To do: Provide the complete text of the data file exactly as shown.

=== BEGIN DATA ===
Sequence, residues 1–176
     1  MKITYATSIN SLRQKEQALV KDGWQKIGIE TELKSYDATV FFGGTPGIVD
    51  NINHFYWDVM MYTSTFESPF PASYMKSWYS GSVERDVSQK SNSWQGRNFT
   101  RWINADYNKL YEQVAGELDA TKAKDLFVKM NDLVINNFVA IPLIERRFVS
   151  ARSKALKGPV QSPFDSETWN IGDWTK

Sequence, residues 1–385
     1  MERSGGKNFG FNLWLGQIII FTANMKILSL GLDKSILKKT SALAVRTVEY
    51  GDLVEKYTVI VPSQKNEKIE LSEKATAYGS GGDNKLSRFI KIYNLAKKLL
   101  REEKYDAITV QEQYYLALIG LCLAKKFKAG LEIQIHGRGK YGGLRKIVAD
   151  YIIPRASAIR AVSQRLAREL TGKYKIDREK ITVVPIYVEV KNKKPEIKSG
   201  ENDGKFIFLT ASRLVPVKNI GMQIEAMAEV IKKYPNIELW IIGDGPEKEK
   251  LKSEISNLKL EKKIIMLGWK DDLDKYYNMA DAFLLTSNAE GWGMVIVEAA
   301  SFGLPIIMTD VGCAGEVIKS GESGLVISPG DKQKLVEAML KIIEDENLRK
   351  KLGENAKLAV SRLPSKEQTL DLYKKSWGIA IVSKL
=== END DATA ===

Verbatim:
Sequence, residues 1–176
     1  MKITYATSIN SLRQKEQALV KDGWQKIGIE TELKSYDATV FFGGTPGIVD
    51  NINHFYWDVM MYTSTFESPF PASYMKSWYS GSVERDVSQK SNSWQGRNFT
   101  RWINADYNKL YEQVAGELDA TKAKDLFVKM NDLVINNFVA IPLIERRFVS
   151  ARSKALKGPV QSPFDSETWN IGDWTK

Sequence, residues 1–385
     1  MERSGGKNFG FNLWLGQIII FTANMKILSL GLDKSILKKT SALAVRTVEY
    51  GDLVEKYTVI VPSQKNEKIE LSEKATAYGS GGDNKLSRFI KIYNLAKKLL
   101  REEKYDAITV QEQYYLALIG LCLAKKFKAG LEIQIHGRGK YGGLRKIVAD
   151  YIIPRASAIR AVSQRLAREL TGKYKIDREK ITVVPIYVEV KNKKPEIKSG
   201  ENDGKFIFLT ASRLVPVKNI GMQIEAMAEV IKKYPNIELW IIGDGPEKEK
   251  LKSEISNLKL EKKIIMLGWK DDLDKYYNMA DAFLLTSNAE GWGMVIVEAA
   301  SFGLPIIMTD VGCAGEVIKS GESGLVISPG DKQKLVEAML KIIEDENLRK
   351  KLGENAKLAV SRLPSKEQTL DLYKKSWGIA IVSKL